Mike - I have used new cam followers on a used camshaft in the past and all worked well.  If your bike has a decent camshaft and it hasn't been damaged by anything coming down the follower turrets then I'm confident that it will be OK.  Those all alloy pushrods are a nuisance as they damage very quickly but it is likely that they were the incorrect length in the first place.  When the valve stem lengths increased in the mid sixties the pushrod lengths decreased to keep a similar geometry.  If you combine that with the different lengths for 500,600,650,750 and 850 it is understandable that after-market companies got confused - so they produced dross but still sold them.  You should try and read the number off the face of your valves and then match up your new followers and pushrods to suit.  Wet and dry paper should clean the deposits from the valves enough to read the numbers.  Your followers are probably radiussed but if they used later pushrods then they may have used flat followers.   Cheers for now, Howard   

Hello Mike while you have a major rebuild on your hands please take the time to check the rocker spindle inner bushes in the head for ovality as they are prone to wear. All of mine were 1 mm oval and had to be machined and re bushed, i also modified my new spindles and end plates so that it is impossible for them to rotate in the future. ( Photo's atached )If you remember when we spoke i mentioned how much my rebuild cost as it was a no expence spared rebuild,but there is only one way to do a job like this and if its right it is expensive. Also if you have the alloy head check the push rod tunnels as sometimes when they changed from steel to alloy push rods they were inclined to rub the inside of the tunnels in which case the push rod tunnels will need to be machined to give a greater clearance.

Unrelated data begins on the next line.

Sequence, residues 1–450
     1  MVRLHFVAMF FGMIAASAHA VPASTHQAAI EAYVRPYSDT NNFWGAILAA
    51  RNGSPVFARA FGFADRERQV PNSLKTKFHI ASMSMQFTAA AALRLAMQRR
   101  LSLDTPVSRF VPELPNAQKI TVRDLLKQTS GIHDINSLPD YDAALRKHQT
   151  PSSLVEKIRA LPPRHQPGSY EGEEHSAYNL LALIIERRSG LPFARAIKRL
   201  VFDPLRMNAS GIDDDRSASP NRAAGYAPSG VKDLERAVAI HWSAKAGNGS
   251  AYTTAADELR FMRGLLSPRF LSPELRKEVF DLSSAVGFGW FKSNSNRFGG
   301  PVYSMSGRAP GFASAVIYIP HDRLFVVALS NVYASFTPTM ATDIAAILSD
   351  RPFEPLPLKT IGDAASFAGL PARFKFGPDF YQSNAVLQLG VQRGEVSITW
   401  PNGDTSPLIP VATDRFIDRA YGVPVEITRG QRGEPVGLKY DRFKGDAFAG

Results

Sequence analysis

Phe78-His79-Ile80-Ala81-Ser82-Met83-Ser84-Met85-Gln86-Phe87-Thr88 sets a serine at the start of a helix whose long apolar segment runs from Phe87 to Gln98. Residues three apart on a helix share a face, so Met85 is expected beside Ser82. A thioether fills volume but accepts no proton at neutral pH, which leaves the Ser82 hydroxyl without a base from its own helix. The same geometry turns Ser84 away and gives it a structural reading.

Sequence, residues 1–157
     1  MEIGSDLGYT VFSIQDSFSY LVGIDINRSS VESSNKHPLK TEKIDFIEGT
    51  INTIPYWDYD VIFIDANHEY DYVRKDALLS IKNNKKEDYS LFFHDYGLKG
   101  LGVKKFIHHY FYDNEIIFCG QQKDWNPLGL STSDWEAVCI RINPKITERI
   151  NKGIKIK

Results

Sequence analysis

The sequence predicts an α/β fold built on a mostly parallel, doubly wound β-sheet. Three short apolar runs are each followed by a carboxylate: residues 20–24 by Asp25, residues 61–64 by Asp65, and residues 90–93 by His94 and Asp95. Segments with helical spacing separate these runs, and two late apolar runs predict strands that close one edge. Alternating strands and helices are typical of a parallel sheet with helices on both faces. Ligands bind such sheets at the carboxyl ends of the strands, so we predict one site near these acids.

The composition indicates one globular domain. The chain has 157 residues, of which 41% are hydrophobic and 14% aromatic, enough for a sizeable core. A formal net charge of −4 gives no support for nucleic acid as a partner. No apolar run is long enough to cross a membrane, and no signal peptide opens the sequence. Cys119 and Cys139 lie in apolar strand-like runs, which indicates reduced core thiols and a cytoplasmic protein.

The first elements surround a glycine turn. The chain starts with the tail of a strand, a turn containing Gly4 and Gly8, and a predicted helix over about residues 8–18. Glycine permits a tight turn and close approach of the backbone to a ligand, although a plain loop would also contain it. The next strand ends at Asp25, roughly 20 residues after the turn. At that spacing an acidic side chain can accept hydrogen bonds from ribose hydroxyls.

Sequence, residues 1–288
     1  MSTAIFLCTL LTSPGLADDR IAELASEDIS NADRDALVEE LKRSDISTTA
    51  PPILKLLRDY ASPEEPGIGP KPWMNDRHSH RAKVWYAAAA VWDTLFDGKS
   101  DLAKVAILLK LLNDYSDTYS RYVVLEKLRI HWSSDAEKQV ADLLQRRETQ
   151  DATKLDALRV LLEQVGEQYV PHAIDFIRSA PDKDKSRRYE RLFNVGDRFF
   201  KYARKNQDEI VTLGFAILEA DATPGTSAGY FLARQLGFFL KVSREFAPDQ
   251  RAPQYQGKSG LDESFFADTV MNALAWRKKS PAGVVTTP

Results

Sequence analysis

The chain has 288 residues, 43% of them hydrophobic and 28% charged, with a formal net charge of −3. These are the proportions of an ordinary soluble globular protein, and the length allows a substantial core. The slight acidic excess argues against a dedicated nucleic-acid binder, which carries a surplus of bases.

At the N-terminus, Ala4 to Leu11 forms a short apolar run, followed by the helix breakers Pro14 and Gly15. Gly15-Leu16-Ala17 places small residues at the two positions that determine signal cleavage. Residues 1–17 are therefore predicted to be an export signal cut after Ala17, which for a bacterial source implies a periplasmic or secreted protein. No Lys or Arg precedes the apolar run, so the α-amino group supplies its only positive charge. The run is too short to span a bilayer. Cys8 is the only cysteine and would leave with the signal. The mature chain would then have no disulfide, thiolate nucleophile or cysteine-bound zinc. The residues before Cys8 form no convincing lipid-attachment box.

Mike do not contemplate not stripping the engine as a lot of that metal will have gone into the oil pump and all the other components also remember to clean the sludge trap.If you send me your e'mail i will send you some photo's of my rebuild.

    Regards Ivor


"It just doesn't ring true that someone ploughing this much money into a machine would skimp on the engine ! "


Sadly, from my own experience, this rings all too true in these days of 'classic' bikes (and cars) being regarded by many as icons whose only real purpose is to be displayed as an ego trip by the (often fairly well-heeled) owner and for the envious, nostalgic reminiscences of those who view them.

I've personally fallen for this sort of thing on at least three occasions (maybe I'm a slow learner or, as I prefer to think, hope springs eternal, and paying a fairly high price for an immaculately-presented 'fully restored' machine from an apparently trustworthy vendor should provide what it says on the tin - a fully restored machine).

In my own case, a Velocette Venom, an Ariel Leader and at least two Nortons, all of which required immediate mechanical surgery and, in the case of the otherwise immaculate Venom, a full engine rebuild was needed (also, the reason that the speedo wasn't working, I found, was because the speedo drive was just a highly-polished empty shell with no drive gears!) 


According to Murphy's law (though he was an optimist), it seems a total strip is needed.

Thinking of the about 25 used bikes I've bought, 8 had only minor faults. 32% chance to aquire a decent bike. Among the good ones are a 99, a Goldie, a 16H, a Comet and a Venom.



You mentioned at the start that all 4 cam follower cups are damaged, 2 beyond repair. It is always recommended that camshaft and followers are changed together. Certain suppliers will guarantee neither unless that is done. However if the faces of the camshaft are perfect, then you could get away with it, but with no guarantee.. 

The point really is that the engine needs stripping fully to be sure of finding out everything. At that point you can take a view on the camshaft. If in doubt, I would recommend changing it. 



I'm probably being a bit dense ,but can't imagine the damage you are seeing .,the cup on the top of the follower does very little work and even if indented could be cleaned up with a spare pushrod and a bit of fine grinding paste ,it does not need to be perfect as it does little. PHOTO please.